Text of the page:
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The relationship between head injury severity and hemodynamic response to tracheal intubation

Perkins, Zane B. MD, FIMC, RCS (Ed), MRCS, DA(SA); Wittenberg, Marc D. MD, BSc (Hons), FRCA; Nevin, Daniel MD, FCA (SA); Lockey, David J. MD, FRCA, FIMC, RCS (Ed); O’Brien, Ben MD, FRCA, FFICM

Journal of Trauma and Acute Care Surgery: April 2013 - Volume 74 - Issue 4 - p 1074–1080
doi: 10.1097/TA.0b013e3182827305
Original Articles

INTRODUCTION: The acutely injured brain is sensitive to fluctuations in blood pressure. During tracheal intubation, airway stimulation provokes acute surges in blood pressure that have the potential to cause further harm in patients with intracranial pathology. Although reduced consciousness is thought to suppress airway reflexes, its influence on these hemodynamic reflexes is unknown.

We aimed to investigate the relationship between head injury severity and hemodynamic response to laryngoscopy and intubation.

METHODS: This retrospective observational study included 97 consecutive patients with head injuries who underwent prehospital tracheal intubation by a physician-led helicopter emergency medical service. The primary outcome was the acute hemodynamic response to the procedure. Secondary outcomes included the incidence of serious intracranial pathology and mortality.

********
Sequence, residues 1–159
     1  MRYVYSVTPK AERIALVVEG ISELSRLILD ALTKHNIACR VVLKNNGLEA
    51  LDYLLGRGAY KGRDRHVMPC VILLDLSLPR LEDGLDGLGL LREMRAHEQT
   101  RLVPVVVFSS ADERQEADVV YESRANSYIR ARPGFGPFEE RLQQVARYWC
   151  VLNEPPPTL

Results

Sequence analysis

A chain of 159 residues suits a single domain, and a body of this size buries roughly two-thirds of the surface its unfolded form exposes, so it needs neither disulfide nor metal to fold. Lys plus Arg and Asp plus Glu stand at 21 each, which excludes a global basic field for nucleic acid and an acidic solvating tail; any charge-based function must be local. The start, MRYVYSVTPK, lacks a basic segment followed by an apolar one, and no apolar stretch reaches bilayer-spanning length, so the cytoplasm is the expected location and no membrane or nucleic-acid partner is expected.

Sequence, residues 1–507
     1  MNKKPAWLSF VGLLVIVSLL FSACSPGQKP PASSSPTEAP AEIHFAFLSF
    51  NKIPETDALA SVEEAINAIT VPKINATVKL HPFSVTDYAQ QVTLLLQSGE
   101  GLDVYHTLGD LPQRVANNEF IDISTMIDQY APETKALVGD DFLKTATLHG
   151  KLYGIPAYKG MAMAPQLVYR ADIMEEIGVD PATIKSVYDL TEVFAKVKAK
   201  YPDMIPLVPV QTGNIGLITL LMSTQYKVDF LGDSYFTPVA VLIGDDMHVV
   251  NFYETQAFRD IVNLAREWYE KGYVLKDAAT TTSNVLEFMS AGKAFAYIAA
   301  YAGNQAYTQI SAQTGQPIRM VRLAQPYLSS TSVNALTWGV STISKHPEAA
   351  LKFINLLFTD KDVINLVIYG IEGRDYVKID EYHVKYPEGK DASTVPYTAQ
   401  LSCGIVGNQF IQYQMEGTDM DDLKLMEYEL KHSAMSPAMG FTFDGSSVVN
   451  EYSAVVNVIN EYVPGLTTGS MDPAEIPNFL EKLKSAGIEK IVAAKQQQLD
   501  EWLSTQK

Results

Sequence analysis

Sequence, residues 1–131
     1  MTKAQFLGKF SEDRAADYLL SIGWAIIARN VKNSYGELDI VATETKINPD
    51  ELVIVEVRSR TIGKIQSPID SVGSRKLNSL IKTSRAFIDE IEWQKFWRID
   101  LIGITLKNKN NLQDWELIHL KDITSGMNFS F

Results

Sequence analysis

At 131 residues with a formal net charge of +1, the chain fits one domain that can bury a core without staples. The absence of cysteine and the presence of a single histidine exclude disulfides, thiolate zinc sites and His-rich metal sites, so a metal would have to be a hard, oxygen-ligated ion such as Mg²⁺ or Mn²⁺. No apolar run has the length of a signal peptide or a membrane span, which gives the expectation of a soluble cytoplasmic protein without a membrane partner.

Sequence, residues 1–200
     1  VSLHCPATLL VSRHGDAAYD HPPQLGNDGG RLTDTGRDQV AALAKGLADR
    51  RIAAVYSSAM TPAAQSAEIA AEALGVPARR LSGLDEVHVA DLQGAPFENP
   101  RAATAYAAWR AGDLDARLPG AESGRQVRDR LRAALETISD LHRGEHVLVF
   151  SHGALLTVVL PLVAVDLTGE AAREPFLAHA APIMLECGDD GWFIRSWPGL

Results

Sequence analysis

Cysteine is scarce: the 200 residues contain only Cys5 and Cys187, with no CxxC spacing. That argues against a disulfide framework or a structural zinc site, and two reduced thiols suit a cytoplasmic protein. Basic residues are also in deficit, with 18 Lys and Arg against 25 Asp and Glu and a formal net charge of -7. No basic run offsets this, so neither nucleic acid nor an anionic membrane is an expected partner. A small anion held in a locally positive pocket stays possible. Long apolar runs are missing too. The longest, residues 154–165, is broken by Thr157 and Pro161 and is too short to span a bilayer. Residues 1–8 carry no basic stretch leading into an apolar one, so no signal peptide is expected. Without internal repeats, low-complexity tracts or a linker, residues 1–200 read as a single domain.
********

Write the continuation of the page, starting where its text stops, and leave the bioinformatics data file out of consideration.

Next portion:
RESULTS: A hypertensive response to laryngoscopy and tracheal intubation occurred in 80% of patients. In 11% of patients, blood pressure increased by ≥100%. The hemodynamic response was attenuated with increasing head injury severity but unpredictably and not to clinically acceptable levels. The incidence of serious intracranial bleeding (61%) and raised intracranial pressure (22%) was high in patients with head injuries, requiring tracheal intubation.

CONCLUSION: A clinically significant hemodynamic response to laryngoscopy and intubation is common in patients with head injuries and is not effectively attenuated by increasing head injury severity. The need to attenuate the hemodynamic response should be assessed independently of head injury severity.

LEVEL OF EVIDENCE: Therapeutic study, level III.

From the Trauma Sciences (Z.B.P.), Queen Mary, University of London; Kent, Surrey and Sussex Air Ambulance Trust (Z.B.P.), Marden; London Helicopter Emergency Medical Service (Z.B.P., B.O., D.J.L.), The Royal London Hospital, London; Essex & Hertfordshire Air Ambulance Trust (M.D.W., D.N.), Colchester; The Royal London Hospital (D.N.), London; School of Clinical Sciences (D.J.L.), University of Bristol; Department of Anaesthesia (D.J.L.), North Bristol NHS Trust, Bristol, UK; and William Harvey Research Institute (B.O.), Queen Mary, University of London, London, UK.

Submitted: September 22, 2012, Revised: October 21, 2012, Accepted: October 26, 2012.

Presented in part at the London Trauma Conference, London, UK, June 2011, and published in abstract form as Nevin et al., Scandinavian Journal of Trauma, Resuscitation and Emergency Medicine, 2012, 20(suppl 1):O6

Address for reprints: Zane B. Perkins, MD, FIMC, RCS (Ed), MRCS, DA (SA), Kent, Surrey and Sussex Air Ambulance Trust, Pattenden Lane, Marden, Kent TN12 9QJ, United Kingdom; email: Zane.Perkins@bartshealth.nhs.uk.

© 2013 Lippincott Williams & Wilkins, Inc.